Shakespeare - First Folio facsimile (1910)/The Life and Death of King John/Act 5 Scene 1

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Actus Quartus, Scæna prima.

Enter King Iohn and Pandolph, attendants.

Thus haue I yeelded vp into your hand
The Circle of my glory.

Take againe
From this my hand, as holding of the Pope
Your Soueraigne greatnesse and authoritie.

Now keep your holy word, go meet the French,
And from his holinesse vse all your power
To stop their marches 'fore we are enflam'd:
Our discontented Counties doe reuolt:
Our people quarrell with obedience,
Swearing Allegiance, and the loue of soule
To stranger-bloud, to forren Royalty;
This inundation of mistempred humor,
Rests by you onely to be qualified.
Then pause not: for the present time's so sicke,
That present medcine must be ministred,
Or ouerthrow incureable ensues.

It was my breath that blew this Tempest vp,
Vpon your stubborne vsage of the Pope:
But since you are a gentle conuertite,
My tongue shall hush againe this storme of warre,
And make faire weather in your blustring land:
On this Ascention day, remember well,
Vpon your oath of seruice to the Pope,
Exit.Goe I to make the French lay downe their Armes.

Is this Ascension day? did not the Prophet
Say, that before Ascension day at noone,
My Crowne I should giue off? euen so I haue:
I did suppose it should be on constraint,
But (heau'n be thank'd) it is but voluntary.

Enter Bastard.

All Kent hath yeelded: nothing there holds out
But Douer Castle: London hath receiu'd
Like a kinde Host, the Dolphin and his powers.
Your Nobles will not heare you, but are gone
To offer seruice to your enemy:
And wilde amazement hurries vp and downe
The little number of your doubtfull friends.

Would not my Lords returne to me againe
After they heard yong Arthur was aliue?

They found him dead, and cast into the streets,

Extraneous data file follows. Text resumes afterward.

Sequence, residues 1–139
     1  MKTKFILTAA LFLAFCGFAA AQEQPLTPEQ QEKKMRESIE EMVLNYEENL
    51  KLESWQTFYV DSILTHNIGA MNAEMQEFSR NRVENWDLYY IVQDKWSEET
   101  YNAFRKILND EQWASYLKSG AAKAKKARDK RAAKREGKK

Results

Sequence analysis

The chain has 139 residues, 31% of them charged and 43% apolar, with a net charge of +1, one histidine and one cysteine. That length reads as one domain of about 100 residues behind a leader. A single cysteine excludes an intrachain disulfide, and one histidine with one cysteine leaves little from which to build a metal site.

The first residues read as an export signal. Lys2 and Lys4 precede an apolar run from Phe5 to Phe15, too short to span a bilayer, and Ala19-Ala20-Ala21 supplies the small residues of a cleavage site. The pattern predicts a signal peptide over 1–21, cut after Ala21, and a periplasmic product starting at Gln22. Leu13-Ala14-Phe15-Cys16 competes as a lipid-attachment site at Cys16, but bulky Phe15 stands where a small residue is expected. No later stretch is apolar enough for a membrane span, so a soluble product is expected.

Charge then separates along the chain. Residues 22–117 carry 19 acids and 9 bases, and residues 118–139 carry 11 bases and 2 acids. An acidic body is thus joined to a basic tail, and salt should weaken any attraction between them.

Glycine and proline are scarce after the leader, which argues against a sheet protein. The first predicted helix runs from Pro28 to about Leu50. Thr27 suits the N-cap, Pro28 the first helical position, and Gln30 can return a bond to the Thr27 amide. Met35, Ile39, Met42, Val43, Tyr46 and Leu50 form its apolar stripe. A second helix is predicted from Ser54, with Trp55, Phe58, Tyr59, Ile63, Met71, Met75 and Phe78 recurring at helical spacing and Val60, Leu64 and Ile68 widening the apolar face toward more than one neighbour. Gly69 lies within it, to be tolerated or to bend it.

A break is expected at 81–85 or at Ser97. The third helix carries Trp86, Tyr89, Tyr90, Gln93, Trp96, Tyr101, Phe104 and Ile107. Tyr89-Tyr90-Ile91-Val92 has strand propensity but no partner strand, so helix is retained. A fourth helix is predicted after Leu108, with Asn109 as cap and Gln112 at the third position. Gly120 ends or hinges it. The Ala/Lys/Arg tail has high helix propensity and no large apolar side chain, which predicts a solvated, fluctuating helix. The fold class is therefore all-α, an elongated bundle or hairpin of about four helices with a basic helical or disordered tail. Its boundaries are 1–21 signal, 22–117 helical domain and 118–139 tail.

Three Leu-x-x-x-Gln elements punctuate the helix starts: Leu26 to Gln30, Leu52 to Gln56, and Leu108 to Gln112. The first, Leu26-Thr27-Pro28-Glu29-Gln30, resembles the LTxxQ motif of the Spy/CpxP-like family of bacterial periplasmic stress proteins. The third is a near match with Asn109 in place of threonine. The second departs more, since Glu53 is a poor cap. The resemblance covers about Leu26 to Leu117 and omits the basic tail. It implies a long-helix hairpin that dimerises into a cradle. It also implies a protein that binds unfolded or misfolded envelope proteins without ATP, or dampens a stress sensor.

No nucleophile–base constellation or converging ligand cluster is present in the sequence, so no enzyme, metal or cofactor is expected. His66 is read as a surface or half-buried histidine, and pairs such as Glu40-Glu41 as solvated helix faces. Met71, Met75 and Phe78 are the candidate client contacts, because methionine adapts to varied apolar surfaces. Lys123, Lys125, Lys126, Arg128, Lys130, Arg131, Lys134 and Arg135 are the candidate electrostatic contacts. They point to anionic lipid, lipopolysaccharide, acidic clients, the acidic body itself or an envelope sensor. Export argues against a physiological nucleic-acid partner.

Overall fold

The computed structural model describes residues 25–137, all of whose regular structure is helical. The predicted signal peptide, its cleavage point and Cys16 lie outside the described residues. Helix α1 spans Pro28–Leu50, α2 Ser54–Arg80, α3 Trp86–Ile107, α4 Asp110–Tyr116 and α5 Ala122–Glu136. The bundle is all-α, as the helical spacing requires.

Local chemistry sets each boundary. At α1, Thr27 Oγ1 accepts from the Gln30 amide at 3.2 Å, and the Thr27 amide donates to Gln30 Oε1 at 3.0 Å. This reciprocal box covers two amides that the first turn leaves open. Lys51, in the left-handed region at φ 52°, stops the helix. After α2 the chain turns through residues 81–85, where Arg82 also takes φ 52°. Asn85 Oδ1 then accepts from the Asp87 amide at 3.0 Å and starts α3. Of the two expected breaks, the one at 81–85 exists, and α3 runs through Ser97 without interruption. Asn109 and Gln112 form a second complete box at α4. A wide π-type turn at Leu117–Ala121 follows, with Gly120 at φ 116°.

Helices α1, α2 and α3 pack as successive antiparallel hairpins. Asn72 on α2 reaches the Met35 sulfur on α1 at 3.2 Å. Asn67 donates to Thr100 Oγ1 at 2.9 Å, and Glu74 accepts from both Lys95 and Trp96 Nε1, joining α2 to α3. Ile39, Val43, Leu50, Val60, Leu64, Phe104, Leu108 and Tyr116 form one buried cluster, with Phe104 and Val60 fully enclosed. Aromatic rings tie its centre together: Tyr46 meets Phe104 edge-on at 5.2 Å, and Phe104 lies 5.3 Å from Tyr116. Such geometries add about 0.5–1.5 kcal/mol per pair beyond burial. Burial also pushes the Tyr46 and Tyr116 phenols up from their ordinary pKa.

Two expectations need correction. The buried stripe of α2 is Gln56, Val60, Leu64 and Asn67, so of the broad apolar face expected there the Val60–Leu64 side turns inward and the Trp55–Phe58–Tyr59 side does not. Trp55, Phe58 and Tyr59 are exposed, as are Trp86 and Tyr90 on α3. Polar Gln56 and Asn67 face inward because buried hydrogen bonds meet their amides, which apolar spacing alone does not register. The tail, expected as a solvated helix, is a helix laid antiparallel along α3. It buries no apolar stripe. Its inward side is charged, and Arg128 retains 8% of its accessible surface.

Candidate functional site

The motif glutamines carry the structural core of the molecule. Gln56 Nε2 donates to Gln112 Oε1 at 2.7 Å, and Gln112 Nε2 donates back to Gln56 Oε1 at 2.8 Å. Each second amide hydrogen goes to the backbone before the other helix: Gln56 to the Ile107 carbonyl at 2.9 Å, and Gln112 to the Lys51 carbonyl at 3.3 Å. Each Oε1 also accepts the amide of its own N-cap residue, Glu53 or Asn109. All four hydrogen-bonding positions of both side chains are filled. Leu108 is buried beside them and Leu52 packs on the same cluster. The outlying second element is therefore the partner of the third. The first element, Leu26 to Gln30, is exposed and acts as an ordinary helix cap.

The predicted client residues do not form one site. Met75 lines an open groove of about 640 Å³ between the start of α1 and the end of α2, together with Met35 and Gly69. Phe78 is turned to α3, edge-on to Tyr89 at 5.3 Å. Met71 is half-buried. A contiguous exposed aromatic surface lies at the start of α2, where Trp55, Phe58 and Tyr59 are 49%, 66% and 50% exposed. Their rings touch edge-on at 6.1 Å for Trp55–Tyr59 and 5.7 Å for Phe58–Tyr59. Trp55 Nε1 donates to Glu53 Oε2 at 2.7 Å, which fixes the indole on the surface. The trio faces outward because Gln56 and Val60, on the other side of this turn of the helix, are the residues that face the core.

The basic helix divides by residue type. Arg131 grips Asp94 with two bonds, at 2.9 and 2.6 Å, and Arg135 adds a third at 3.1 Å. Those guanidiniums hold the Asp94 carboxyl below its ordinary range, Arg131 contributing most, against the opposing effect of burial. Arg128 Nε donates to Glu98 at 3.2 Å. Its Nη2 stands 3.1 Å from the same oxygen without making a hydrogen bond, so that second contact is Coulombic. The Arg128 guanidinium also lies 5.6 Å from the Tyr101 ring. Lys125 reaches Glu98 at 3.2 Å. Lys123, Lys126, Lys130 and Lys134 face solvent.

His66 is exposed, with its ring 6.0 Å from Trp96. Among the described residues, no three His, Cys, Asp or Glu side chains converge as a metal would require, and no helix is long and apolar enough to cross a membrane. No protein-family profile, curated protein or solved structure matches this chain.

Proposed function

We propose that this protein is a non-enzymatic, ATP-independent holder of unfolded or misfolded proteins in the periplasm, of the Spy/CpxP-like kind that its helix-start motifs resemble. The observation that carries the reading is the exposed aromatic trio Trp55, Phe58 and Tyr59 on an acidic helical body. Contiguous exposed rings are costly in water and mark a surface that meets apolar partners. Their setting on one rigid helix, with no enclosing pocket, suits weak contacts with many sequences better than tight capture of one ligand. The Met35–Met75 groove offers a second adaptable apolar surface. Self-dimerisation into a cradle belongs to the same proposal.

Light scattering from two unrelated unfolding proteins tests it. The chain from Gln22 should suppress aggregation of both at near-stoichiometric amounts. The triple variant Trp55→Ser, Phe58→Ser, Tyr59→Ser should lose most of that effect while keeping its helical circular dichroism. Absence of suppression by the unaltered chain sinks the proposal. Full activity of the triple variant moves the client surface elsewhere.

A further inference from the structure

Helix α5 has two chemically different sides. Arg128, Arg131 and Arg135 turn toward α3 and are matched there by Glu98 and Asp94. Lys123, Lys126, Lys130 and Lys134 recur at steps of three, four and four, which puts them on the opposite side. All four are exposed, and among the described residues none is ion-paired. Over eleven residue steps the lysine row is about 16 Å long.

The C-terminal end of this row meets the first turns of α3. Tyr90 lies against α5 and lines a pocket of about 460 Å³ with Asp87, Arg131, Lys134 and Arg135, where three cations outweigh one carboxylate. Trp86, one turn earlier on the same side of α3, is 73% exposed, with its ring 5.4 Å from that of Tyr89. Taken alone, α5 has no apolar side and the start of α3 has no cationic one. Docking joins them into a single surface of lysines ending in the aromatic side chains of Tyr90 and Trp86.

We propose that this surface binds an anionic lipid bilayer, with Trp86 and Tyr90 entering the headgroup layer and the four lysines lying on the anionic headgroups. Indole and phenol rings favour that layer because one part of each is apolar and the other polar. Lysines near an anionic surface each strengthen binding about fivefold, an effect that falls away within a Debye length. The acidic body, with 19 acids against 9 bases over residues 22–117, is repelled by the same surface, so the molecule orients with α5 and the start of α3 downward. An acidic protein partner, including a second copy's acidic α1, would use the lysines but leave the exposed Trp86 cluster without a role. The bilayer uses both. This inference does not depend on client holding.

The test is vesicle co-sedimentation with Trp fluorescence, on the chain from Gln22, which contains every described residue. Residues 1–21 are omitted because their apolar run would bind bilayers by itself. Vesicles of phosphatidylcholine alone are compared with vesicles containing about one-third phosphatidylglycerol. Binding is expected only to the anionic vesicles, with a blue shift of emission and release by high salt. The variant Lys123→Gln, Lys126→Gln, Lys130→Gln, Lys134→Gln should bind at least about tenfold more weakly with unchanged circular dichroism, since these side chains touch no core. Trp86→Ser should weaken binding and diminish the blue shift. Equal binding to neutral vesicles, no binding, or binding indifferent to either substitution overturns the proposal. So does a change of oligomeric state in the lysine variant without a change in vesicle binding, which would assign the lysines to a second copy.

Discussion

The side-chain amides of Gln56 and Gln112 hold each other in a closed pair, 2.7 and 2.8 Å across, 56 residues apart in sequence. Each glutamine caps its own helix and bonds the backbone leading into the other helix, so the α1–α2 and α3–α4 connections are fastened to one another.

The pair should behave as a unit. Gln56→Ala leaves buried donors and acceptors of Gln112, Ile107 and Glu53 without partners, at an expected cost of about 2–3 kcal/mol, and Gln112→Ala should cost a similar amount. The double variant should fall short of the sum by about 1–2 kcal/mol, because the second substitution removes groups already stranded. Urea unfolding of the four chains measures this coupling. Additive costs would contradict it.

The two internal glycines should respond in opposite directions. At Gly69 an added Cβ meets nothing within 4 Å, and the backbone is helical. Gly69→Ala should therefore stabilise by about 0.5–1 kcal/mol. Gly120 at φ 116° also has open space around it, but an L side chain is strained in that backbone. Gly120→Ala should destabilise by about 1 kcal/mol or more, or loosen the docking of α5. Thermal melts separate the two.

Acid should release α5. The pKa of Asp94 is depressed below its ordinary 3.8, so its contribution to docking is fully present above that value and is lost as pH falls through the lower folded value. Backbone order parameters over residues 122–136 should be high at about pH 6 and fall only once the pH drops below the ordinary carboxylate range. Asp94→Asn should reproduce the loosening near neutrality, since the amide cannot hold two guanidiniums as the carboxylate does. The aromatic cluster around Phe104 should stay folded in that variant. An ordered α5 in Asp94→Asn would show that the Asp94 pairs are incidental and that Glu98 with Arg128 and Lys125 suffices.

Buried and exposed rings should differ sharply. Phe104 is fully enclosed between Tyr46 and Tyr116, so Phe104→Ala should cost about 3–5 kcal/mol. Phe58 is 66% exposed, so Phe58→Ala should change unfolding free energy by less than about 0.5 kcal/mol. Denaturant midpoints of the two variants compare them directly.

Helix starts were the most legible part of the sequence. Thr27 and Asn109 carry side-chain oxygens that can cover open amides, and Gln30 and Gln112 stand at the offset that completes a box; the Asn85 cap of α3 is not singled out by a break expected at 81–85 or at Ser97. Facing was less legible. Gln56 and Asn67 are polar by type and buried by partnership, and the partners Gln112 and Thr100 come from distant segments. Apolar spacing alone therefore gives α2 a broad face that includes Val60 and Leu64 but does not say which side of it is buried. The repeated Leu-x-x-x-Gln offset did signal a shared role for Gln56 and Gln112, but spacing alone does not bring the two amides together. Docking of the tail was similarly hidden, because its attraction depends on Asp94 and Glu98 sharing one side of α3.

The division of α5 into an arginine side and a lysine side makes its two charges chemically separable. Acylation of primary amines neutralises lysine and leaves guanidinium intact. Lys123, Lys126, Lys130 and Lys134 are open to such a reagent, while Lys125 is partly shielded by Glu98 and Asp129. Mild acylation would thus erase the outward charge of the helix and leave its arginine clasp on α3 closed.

An empty Casket, where the Iewell of life
By some damn'd hand was rob'd, and tane away.

That villaine Hubert told me he did liue.

So on my soule he did, for ought he knew:
But wherefore doe you droope? why looke you sad?
Be great in act, as you haue beene in thought:
Let not the world see feare and sad distrust
Gouerne the motion of a kinglye eye:
Be stirring as the time, be fire with fire,
Threaten the threatner, and out-face the brow
Of bragging horror: So shall inferior eyes
That borrow their behauiours from the great,
Grow great by your example, and put on
The dauntlesse spirit of resolution.
Away, and glister like the god of warre
When he intendeth to become the field:
Shew boldnesse and aspiring confidence:
What, shall they seeke the Lion in his denne,
And fright him there? and make him tremble there?
Oh let it not be said: forrage, and runne
To meet displeasure farther from the dores,
And grapple with him ere he come so nye.

The Legat of the Pope hath beene with mee,
And I haue made a happy peace with him,
And he hath promis'd to dismisse the Powers
Led by the Dolphin.

Oh inglorious league:
Shall we vpon the footing of our land,
Send fayre-play-orders, and make comprimise,
Insinuation, parley, and base truce
To Armes Inuasiue? Shall a beardlesse boy,
A cockred-silken wanton braue our fields,
And flesh his spirit in a warre-like soyle,
Mocking the ayre with colours idlely spred,
And finde no checke? Let vs my Liege to Armes:
Perchance the Cardinall cannot make your peace;
Or if he doe, let it at least be said
They saw we had a purpose of defence.

Haue thou the ordering of this present time.

Away then with good courage: yet I know
Exeunt.Our Partie may well meet a prowder foe.